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Business Continuity Plan Reviews Identify Preparedness Gaps

Posted on Mon, Sep 30, 2013

Business is not a stagnant entity.  There are multiple moving parts that embody change, allow for progress, and promote growth. Corporate emergency management programs and business continuity plans (BCP) must be adjusted to reflect these changes. Whether change results from facility modifications, corporate mergers, or employee turnover, BCPs need to be reviewed, at a minimum, on an annual basis.

A business continuity review should evaluate identified critical processes necessary for operation. Through this evaluation, shortcomings in mitigation efforts, response coordination, resource capabilities, and response processes can be revealed. The plan may have to be adjusted to incorporate operational changes, employee turnover, and/or new company policies. In a business continuity review, each department should evaluate current critical processes, mitigate identified deficiencies, and update the plan as necessary.  

The following critical business continuity areas should be assessed for accuracy, potential mitigation opportunities, new equipment or resources, and potential policy changes:

  1. Data and computer needs: Identify the procedural details of computer backups, data restoration methods, and the minimum program needs to re-establish critical business processes.  Companies should examine current data center outsourcing to ensure continuity and accessibility or research alternatives.
  2. Notification lists: Update contact lists to ensure all information is accurate. Business continuity planners must be certain that new employees are included in the plan, as necessary, and that notifications are being delivered to accurate e-mail addresses and/or phone numbers. If maintaining accurate contact information is challenging, consider opting for a e-mail notification verification system the enables the contact to verify their own information through hyperlinks.
  3. Communication needs: Clear and effective communication channels must remain available in order to disseminate information to employees, assess and relay damage, and coordinate recovery strategies. Evaluate current communication equipment and/or mass notification systems to communicate to key individuals, company employees, or an entire client base.
  4. Supply Chain: As a company’s needs change and new suppliers come online, plans should be updated to include these critical suppliers. Alternate suppliers should be included in the BCP to ensure consistent delivery and continued operations in the event primary suppliers are subjected to business continuity circumstances, as well.
  5. Essential Personnel: Ensure necessary minimum staffing levels are acceptable to remain operational. Make changes, as necessary. Ensure staff, contractors, and suppliers understand their adjusted individual responsibilities and recovery time objectives.
  6. Equipment needs: Identify and procure necessary equipment and establish processes for continued operations and recovery. This will prevent unnecessary downtime and additional recovery efforts. If applicable, relocate equipment and arrange for essentials prior to incident. This eliminates time consuming and potentially costly efforts.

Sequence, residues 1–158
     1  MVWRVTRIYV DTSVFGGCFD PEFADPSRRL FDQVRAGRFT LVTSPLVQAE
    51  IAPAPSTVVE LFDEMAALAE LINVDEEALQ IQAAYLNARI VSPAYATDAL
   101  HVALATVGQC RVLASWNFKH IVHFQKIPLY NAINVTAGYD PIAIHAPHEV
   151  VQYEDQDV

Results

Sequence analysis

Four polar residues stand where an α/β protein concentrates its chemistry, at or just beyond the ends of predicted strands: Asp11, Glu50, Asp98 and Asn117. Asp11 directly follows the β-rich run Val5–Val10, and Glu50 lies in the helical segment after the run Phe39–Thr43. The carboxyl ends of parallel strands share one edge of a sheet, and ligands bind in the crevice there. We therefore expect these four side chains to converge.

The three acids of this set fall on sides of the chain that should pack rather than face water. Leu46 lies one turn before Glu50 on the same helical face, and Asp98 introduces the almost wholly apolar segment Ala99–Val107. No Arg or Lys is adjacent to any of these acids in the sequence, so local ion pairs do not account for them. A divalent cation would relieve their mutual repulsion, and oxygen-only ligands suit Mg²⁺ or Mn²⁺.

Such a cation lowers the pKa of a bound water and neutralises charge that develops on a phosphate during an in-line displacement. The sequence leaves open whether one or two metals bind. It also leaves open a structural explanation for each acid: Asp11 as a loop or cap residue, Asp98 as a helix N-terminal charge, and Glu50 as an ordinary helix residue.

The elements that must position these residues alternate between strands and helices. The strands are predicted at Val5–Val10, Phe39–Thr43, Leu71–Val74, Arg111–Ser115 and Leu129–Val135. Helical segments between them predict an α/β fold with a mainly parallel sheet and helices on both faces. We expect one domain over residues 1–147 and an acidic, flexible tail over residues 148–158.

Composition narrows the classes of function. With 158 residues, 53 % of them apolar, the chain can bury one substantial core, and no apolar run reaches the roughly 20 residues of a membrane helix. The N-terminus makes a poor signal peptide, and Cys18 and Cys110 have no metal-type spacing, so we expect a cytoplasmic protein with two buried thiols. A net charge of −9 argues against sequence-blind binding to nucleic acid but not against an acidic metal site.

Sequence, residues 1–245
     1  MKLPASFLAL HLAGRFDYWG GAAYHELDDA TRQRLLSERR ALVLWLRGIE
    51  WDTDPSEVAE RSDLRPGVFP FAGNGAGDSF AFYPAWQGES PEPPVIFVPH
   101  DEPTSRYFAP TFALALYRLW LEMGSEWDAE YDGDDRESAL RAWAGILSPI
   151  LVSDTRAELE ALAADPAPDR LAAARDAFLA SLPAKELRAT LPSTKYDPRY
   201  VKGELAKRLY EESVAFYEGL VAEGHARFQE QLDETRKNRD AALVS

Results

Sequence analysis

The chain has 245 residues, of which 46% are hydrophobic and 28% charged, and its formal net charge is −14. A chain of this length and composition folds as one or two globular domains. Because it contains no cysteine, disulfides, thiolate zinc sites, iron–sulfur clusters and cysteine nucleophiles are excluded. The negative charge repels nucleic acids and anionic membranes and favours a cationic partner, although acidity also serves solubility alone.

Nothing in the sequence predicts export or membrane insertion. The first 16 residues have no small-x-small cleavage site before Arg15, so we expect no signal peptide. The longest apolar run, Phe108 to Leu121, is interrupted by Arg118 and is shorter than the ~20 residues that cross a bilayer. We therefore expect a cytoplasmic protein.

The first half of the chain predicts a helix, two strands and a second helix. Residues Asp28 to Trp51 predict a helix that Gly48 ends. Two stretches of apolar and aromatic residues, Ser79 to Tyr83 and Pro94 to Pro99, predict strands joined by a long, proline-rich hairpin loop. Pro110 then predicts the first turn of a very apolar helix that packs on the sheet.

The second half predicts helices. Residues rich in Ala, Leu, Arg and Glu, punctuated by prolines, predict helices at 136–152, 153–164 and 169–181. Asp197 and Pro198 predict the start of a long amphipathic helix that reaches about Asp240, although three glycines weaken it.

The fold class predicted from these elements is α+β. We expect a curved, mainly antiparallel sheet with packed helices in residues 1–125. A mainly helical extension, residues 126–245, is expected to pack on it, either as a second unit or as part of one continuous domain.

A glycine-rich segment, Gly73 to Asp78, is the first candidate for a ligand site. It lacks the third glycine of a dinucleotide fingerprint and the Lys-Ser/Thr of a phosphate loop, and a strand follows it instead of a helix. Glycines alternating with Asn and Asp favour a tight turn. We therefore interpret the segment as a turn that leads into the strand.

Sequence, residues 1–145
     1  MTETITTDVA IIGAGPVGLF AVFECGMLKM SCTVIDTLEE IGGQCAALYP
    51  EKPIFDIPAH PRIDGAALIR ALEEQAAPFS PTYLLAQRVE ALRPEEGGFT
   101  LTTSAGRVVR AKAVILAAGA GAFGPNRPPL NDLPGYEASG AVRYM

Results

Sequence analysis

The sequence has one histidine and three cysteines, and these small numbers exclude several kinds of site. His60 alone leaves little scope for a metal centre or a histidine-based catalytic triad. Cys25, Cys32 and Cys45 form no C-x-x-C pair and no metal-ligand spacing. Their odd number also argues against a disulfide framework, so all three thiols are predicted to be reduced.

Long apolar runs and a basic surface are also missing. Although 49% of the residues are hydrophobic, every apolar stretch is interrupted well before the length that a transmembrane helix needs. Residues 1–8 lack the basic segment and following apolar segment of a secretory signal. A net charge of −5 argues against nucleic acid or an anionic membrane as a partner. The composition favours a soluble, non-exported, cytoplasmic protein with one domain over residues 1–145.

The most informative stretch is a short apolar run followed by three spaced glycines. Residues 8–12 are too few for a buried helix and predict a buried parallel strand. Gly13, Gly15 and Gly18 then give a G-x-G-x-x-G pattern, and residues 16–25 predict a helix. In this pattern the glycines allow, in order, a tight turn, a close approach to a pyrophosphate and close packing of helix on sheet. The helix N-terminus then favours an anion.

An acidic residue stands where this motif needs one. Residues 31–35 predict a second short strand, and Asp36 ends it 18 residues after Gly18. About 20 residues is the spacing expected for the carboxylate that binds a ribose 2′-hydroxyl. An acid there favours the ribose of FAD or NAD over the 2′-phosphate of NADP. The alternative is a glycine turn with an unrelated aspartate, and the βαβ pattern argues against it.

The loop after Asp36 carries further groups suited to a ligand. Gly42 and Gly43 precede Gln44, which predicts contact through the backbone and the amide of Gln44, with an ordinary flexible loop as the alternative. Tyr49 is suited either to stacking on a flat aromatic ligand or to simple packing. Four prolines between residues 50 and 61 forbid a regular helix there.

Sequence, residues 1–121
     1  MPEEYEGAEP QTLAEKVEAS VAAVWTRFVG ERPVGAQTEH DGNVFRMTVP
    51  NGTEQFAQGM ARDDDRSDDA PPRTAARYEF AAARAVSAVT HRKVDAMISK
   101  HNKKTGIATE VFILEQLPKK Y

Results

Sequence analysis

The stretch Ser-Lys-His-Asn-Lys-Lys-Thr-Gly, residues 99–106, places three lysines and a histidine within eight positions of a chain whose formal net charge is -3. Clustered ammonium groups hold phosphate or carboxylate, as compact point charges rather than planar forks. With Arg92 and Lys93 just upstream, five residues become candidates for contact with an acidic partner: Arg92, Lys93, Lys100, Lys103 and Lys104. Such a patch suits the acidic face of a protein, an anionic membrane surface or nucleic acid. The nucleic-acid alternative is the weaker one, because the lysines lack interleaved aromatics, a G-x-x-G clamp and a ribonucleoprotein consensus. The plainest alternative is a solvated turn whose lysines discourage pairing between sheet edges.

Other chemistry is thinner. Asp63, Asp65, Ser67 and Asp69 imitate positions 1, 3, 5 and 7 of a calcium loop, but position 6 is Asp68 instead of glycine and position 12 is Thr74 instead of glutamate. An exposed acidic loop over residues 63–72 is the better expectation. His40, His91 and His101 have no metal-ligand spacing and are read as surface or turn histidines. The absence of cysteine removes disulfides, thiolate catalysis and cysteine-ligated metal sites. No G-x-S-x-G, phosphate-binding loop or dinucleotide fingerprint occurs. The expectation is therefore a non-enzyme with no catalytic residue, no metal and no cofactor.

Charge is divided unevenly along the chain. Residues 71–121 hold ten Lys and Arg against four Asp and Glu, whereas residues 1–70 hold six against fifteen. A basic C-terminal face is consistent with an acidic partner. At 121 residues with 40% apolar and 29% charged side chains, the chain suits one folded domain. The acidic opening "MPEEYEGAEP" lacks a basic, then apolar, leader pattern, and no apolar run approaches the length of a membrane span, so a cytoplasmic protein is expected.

One of the most important aspects of updating a BCP is ensuring that employees are trained in plan components, and plan revisions are exercised. Each of the following phases of a BCP should be reviewed with employees:

Initial Response:  The organization’s initial response to a business interruption. The processes and procedures that incorporate the Initial Response Phase may include, but is not limited to, the following:

  • Initial Notifications
  • Business Continuity Team (BCT) activation
  • Business Unit personnel activation
  • Initial BCT briefing
  • Perform Impact Assessments and determine scope of recovery
  • Review specific recovery strategies/tasks for BCP implementation
  • Implementation of Business Continuity Action Plan

Mobilization and Relocation: The mobilization of resources (equipment and personnel) for relocation to alternate sites. Through mobilization and relocation, the BCP can be fully implemented to sustain minimum service levels defined for each critical process. This stage includes “Work from Home” and “Alternate Facility” relocation strategies. The Relocation Phase includes, but is not limited to:

  • Confirmation of staff relocation schedules and assignments
  • Mobilization transportation resources
  • Activation of alternate facility equipment and infrastructure resources
  • Occupation of alternate facilities by necessary department members.

Recovery:  The period after personnel and equipment are relocated, to restoration of primary or permanent alternate facilities. Procedures to include in the recovery phase of the Business Continuity Plan are:

  • Implementation of recovery strategies
  • Damage assessment of primary facilities
  • Evaluation of restoration goals/timeline
  • Mobilization of tactical teams for Recovery
  • Monitoring recovery status and plan updates, as necessary
  • Initialization of restoration

Restoration: The period in which personnel return to restored or permanent alternate facilities, to when normal business operations are resumed. Procedures to include in the restoration phase are:

  • Confirm completion of restoration goals for primary facilities and infrastructure
  • Confirm staff relocation schedules and begin relocation to permanent facility
  • Consolidate and archive incident documentation
  • Review and update BCP based on lessons learned
  • Return to normal operations
TRP Corp Emergency Response Planning Exercises

 

 

Tags: Business Continuity key points, Resiliency, Business Continuity Plan, Disaster Recovery, Business Disruption